Beat the Heat Bloat

Swimming is the most efficient exercise to cool off. (Photo by gokoroko)

It happens to most of us when traveling to the tropics. You step off the plane and the heat immediately hits you. It feels like your favorite blanket at first, familiar, nurturing. And then you notice your shoes are a little tighter and it's harder to take your rings off. You spend the next few days, or even the entire visit, a slightly larger version of yourself. It's a temporary discomfort and not that unusual to the “unacclimated” traveler.

When we are in hot or humid climates, it is a natural reaction for the blood vessels to widen. This leads to swelling, which is a mechanism our bodies use to help us cool down. We also tend to perspire more heavily for the same reasons and can become salt-depleted as a result. The loss of salt from the circulation can reduce the ability of the veins to draw blood back in from the tissues, leaving the fluid in the limbs, causing them to swell. It does not help that the veins are dilated because of the heat.

Drink plenty of water. (Photo by Jan Willem)

When we remain seated for long periods of time without exercising the legs or if one becomes relatively immobile for whatever reason, the lack of muscular action may also cause swelling of the legs to occur. Therefore, the combination of a hot climate and relative inactivity makes the ideal scenario for lower limb swelling. Exercising the legs and elevating them will help, as will ensuring an adequate salt intake.

When we are in hot or humid climates, it is a natural reaction for the blood vessels to widen. This leads to swelling, which is a mechanism our bodies use to help us cool down.

There are ways one can try to reduce bloating discomfort:

  1. The most obvious solution would be to stay cool wherever and whenever possible. In between finding refuge in air-conditioned rooms and cars, press a cold glass or ice against your pulse points (wrist, temples) to cool off. 
  2. Drink plenty of water (you know that rule about 8-10 glasses a day). According to Centers for Disease Control and Prevention, your body requires more water when the whether is hot. If water is too bland for you, squeeze citrus like calamansi to add flavor. You'll also benefit from the juice for its high content of vitamin C and antioxidant properties.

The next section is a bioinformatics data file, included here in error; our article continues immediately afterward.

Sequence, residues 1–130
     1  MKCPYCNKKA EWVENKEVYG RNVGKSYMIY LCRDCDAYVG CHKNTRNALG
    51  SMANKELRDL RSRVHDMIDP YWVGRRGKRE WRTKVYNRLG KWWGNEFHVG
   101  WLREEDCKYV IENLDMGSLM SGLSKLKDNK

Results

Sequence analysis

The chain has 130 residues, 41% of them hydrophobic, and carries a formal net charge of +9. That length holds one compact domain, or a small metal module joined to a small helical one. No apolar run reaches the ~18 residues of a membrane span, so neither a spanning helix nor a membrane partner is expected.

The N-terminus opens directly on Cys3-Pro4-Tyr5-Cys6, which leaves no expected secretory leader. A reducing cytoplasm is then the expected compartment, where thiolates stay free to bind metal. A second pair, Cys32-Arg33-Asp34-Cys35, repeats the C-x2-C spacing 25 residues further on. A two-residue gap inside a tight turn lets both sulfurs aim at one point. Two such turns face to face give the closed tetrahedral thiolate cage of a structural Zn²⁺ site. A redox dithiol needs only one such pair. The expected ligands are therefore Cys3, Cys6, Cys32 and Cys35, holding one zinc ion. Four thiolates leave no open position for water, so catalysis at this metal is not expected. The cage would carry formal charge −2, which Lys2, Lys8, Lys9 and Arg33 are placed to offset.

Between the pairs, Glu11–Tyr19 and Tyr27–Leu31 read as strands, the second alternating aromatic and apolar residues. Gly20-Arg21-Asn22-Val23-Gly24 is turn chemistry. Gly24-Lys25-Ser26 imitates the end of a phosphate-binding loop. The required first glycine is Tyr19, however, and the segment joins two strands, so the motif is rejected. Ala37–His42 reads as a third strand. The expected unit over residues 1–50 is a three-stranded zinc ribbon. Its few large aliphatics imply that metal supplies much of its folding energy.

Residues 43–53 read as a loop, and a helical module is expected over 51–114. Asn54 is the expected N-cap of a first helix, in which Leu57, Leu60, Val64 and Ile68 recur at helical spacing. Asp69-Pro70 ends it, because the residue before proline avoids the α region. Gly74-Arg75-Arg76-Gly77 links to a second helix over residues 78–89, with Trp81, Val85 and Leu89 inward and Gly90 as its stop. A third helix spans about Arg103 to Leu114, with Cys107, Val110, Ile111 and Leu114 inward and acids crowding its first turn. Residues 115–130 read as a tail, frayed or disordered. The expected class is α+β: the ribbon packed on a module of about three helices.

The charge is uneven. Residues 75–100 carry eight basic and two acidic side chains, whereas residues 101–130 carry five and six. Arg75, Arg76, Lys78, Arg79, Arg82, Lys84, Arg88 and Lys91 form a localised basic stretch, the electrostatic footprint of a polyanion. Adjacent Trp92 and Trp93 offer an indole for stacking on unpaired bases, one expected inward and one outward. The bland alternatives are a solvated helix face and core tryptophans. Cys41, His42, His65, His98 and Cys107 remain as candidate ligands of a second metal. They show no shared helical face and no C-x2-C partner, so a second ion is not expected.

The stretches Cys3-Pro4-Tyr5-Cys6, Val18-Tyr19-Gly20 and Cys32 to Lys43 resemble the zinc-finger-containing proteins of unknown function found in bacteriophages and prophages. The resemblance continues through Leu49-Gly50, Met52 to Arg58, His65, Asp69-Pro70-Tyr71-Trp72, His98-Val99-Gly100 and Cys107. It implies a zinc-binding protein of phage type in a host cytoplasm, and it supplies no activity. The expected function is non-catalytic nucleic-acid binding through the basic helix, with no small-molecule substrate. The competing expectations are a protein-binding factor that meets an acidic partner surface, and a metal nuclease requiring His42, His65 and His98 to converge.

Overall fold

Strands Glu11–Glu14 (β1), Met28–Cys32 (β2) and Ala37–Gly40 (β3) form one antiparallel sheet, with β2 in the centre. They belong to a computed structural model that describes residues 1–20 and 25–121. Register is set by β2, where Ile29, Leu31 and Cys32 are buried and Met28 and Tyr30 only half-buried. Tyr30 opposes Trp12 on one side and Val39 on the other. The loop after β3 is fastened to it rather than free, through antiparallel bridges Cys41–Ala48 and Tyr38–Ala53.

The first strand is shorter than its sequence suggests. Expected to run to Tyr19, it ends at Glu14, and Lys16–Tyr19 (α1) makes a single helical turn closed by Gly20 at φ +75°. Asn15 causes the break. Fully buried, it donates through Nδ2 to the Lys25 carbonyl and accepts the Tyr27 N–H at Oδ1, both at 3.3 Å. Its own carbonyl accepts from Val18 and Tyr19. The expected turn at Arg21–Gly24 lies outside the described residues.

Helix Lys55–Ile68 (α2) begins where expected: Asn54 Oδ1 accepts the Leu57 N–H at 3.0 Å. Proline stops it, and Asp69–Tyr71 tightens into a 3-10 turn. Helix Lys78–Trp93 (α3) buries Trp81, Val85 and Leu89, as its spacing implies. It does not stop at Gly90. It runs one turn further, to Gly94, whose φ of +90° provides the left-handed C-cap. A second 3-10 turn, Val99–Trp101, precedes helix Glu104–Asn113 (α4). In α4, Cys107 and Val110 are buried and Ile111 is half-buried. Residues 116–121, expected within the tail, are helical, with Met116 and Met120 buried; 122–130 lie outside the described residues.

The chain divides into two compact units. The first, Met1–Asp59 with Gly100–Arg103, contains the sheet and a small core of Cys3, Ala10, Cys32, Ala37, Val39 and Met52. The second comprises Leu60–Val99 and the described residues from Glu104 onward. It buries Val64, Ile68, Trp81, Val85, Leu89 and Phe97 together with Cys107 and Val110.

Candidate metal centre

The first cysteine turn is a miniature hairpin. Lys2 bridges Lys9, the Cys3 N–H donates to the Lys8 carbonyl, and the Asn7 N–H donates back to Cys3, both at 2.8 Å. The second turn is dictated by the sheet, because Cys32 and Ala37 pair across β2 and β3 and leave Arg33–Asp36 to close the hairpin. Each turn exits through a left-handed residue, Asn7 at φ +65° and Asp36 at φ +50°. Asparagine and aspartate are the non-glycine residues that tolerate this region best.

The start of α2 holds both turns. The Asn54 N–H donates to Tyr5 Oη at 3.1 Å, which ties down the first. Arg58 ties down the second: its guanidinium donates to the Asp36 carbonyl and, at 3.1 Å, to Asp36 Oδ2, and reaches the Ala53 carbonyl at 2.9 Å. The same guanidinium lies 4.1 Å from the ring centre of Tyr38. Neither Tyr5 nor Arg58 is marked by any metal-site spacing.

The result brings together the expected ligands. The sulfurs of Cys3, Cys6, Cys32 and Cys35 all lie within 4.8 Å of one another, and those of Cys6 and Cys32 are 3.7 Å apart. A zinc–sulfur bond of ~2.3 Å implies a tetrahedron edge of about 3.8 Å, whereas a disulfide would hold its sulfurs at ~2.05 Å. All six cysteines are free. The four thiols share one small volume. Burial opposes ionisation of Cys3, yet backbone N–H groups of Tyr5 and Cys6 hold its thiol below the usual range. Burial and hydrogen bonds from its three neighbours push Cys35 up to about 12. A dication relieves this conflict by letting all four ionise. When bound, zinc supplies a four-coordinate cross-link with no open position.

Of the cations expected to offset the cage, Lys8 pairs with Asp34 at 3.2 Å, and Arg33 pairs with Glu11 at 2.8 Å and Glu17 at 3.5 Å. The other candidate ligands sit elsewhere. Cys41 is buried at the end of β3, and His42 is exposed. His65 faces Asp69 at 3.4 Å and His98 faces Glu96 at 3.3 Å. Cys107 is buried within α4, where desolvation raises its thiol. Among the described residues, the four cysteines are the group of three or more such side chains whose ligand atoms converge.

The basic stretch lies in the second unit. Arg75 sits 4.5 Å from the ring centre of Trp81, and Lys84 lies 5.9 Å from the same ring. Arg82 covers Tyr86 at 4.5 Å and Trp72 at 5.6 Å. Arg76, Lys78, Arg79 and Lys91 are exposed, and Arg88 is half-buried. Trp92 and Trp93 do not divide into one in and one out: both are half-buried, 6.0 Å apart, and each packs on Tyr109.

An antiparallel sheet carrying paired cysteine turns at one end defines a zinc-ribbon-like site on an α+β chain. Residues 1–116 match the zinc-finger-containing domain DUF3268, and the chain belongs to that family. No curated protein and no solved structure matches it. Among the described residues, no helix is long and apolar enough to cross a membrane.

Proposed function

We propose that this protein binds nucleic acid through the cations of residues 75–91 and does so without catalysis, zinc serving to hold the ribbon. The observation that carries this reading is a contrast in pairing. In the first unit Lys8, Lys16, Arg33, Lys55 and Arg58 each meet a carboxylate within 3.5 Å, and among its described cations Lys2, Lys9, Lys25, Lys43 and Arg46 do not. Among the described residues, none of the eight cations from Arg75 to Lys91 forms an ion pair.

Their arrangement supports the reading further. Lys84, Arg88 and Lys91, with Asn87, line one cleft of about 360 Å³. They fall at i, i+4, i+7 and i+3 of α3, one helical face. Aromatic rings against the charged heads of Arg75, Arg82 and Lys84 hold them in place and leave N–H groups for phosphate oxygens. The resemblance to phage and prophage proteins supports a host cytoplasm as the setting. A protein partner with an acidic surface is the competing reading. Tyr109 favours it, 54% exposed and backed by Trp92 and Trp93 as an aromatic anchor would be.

3. Exercise. You might think that moving around would only cause your body to heat up. A less rigorous approach such as walking is an excellent way to get the blood flowing without overheating you. Walking also helps veins in the legs move blood back to the heart. If being outside poses discomfort because of the heat, find an indoor air-conditioned gym with a treadmill or bicycle. Swimming laps is the most efficient way to exercise and cool off at the same time.
  4. Avoid foods that have high salt or fat content. Fried, canned or overcooked foods are hard for your body to process, leading to bloat. An alternative would be to eat foods that are fresh and have not come out of a can, box or package.
  5. Wear compression or support garments before you step on the plane to prevent fluids from pooling in your arms and legs. Every hour or so get out of your seat and move around the airplane. Prolonged inactivity slows circulation, allowing small clots to form in legs and feet, which you want to avoid.
  6. Massage the areas where you are swollen to encourage movement of fluid out of the swollen tissue. Better yet, have someone else massage you so that you can lie down and the blood flow will not be inhibited.
  7. Identify and treat underlying causes of swelling in addition to heat. Always check with your doctor if you are experiencing leg swelling or any other swelling that is unusual. If hot weather is not the cause, swelling could be indicative of a greater health issue.


Imelda Oppenheim

Imelda Oppenheim

Imelda Oppenheim is an ACE Certified Personal Fitness Trainer in the San Francisco Bay Area. She can be reached at